My uncle, he was just a teenager in Italy, and he came by on his horse, he just lived down about a mile. He asked me if I wanted a ride, and you see, by then I wasn’t afraid of horses. He forgot to tell my mother though, and I went with him to their farm and at dinner time my mother tried to call me and when she saw I wasn't there, she called the police. Then, right after my uncle came riding with me on the horse, I got a licking, but you see, I didn’t know no better, and neither did he, being just a teenager.

Whiskey was very expensive and my father's friends were coming over, and they always wanted a little drink or something. So, my father hid the whiskey under the bed before they came. When the men came over, my father said, "I wish I could give you some whiskey but I forgot where I put it. I said, "Papa, you didn't forget, you put it under the bed." He said,"Thank you” and got it out, but boy did I get a licking when they went home!

I always thought that, hopping on a train, well, it would be the life. I'd seen the older boys do it, so one day I went down to the tracks. I picked a train that was going very slow, but I missed. My knees were bleeding and my arms. My pants were torn. You bet I never tried that again.

My father told me this story when I was little: A man saved up all of his money in order to send his son off to college in a neighboring village. After a year, he went to visit him to see how the boy was doing. While the two were out taking a walk, the father looked up at the sky and said, “Look at the moon. Isn't it beautiful?"

To this the son replied, "Yeah, Dad, it looks just like the one in our village."

Needless to say, the father took his son home, and there he remains until this day - working on the farm.

My uncle in Brazil, you see, didn't carry no guns. He thought that a man didn't need no guns. But he protected himself all right. He carried a cane with a slug on the end, right on the tip. And you know, I seen him kill dogs with that cane. He hit them on the head so hard.

Don't try to work with a plumber! They've got the dirtiest jokes. The plumbers are all the same.

Yep, you see, whenever you work on a job, you know, someplace at noon, they all get their dinner buckets and get on the steps or someplace or on the grass. While they're eating they’re cracking jokes.

And the plumbers are the ones who used to impress me the most - because they know every joke that you could ever want to know. But the carpenters, they were lean, very lean.

I bought my first car, a new Chevy. Of course, in those days you didn't need a driver's license or nothing. You just gave them the money and they gave you the car. Well, I was coming down a big hill and I didn’t know how to work the clutch. I kept going and the trolley was moving on the tracks and I drove right into the back of it!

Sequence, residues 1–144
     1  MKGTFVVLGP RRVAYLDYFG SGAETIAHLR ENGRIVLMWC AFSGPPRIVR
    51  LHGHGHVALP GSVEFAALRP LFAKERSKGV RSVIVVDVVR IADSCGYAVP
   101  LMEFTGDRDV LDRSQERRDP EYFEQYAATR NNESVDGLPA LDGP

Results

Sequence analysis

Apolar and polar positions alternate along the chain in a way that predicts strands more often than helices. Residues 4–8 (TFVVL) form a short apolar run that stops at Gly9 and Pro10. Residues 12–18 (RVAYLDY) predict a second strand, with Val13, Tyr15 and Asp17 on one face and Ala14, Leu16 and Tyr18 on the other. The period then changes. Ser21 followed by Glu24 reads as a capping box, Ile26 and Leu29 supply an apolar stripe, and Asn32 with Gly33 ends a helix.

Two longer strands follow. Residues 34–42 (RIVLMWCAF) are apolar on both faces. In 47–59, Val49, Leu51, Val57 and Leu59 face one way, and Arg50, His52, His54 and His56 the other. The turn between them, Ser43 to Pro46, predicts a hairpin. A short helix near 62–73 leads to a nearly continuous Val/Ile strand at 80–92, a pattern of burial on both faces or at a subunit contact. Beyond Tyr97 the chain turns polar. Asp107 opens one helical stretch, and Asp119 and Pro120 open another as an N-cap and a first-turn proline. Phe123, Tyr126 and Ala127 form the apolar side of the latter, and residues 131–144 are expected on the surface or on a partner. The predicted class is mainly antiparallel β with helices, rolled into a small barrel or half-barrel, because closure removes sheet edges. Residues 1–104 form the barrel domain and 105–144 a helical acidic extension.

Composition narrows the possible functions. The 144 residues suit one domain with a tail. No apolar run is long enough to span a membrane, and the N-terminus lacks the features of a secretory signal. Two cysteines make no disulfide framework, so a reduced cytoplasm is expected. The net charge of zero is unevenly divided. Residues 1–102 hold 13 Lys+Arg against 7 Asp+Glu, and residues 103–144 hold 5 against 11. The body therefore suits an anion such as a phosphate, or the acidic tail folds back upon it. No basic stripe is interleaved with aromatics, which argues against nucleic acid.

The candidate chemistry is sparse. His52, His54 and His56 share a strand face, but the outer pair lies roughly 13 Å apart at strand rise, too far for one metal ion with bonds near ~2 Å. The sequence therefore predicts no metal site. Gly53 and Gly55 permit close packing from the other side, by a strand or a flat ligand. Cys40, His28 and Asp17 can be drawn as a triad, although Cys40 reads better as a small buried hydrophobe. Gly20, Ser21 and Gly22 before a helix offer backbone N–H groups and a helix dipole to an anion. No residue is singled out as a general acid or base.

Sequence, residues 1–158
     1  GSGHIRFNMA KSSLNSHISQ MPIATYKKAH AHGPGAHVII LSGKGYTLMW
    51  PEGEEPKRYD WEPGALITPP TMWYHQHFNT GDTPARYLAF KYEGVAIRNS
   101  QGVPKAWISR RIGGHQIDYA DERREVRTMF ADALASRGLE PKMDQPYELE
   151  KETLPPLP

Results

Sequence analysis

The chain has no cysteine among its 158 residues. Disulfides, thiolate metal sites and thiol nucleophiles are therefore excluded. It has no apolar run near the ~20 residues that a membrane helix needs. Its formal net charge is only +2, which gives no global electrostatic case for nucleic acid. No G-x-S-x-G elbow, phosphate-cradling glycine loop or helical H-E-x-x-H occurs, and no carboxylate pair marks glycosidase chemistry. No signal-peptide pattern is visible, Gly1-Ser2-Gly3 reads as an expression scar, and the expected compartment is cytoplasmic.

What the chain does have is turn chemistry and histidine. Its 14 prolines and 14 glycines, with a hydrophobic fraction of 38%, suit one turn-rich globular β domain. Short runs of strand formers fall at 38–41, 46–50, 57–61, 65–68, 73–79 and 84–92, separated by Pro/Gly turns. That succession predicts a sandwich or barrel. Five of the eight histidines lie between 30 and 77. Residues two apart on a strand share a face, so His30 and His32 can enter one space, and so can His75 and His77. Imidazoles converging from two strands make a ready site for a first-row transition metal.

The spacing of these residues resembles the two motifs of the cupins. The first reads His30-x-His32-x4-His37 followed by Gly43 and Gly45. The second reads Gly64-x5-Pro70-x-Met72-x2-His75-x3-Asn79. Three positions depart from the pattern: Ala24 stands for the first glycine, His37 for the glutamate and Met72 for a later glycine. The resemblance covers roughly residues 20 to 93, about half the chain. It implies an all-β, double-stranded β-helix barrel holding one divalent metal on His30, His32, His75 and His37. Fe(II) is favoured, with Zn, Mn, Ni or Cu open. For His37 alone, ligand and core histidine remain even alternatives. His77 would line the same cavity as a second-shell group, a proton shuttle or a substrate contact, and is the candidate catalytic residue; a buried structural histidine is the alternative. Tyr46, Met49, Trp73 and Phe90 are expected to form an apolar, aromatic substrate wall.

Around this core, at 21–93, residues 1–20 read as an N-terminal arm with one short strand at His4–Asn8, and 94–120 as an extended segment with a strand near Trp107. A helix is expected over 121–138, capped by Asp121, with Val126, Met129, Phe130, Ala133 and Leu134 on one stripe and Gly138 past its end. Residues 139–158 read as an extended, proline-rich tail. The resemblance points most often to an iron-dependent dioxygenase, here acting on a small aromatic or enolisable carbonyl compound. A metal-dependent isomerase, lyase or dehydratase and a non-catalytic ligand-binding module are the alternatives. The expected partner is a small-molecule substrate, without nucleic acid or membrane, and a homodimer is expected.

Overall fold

("Was the car damaged?")

Not much, oh, a little dent on the front. The trolley driver got out and asked me if I was alright. I started yelling at him and told him to get lost, go away. So I never had to pay for the accident. You see, there was no insurance in those days.

During the Depression, I didn’t have no job, and this boy down the street said to me, "My uncle can give you a job.” So I asked who his uncle was. And he tells me, "My uncle is the Mayor. You go and see him." So, your grandmother and I had to eat, so I went to him. He said, "Who are you?” and I told him my name. He gave me some papers and told me to go down to city hall. There was about ten guys there, just walking around. They handed me a shovel and told me to go outside and clean up the snow. There wasn't any snow though, it was raining. They were just paying them for nothing. But the men, they didn't seem to care. They just sat around playing poker. So I asked them, “Is this all you do all day?” They laughed and asked me if I wanted to play too. I never went back. You see, I wanted a job but I wanted to work too. The other men could do it but I just couldn’t take the money for doing nothing.

I used to keep ducks and a few chickens outside here. This one little chick got a little sick you know, so your grandmother tells me to give him some whiskey. So I put it in a little dish and I'll tell you, he drank it up quick. After, he used to follow me all around, like I was his mother or something. He wanted more!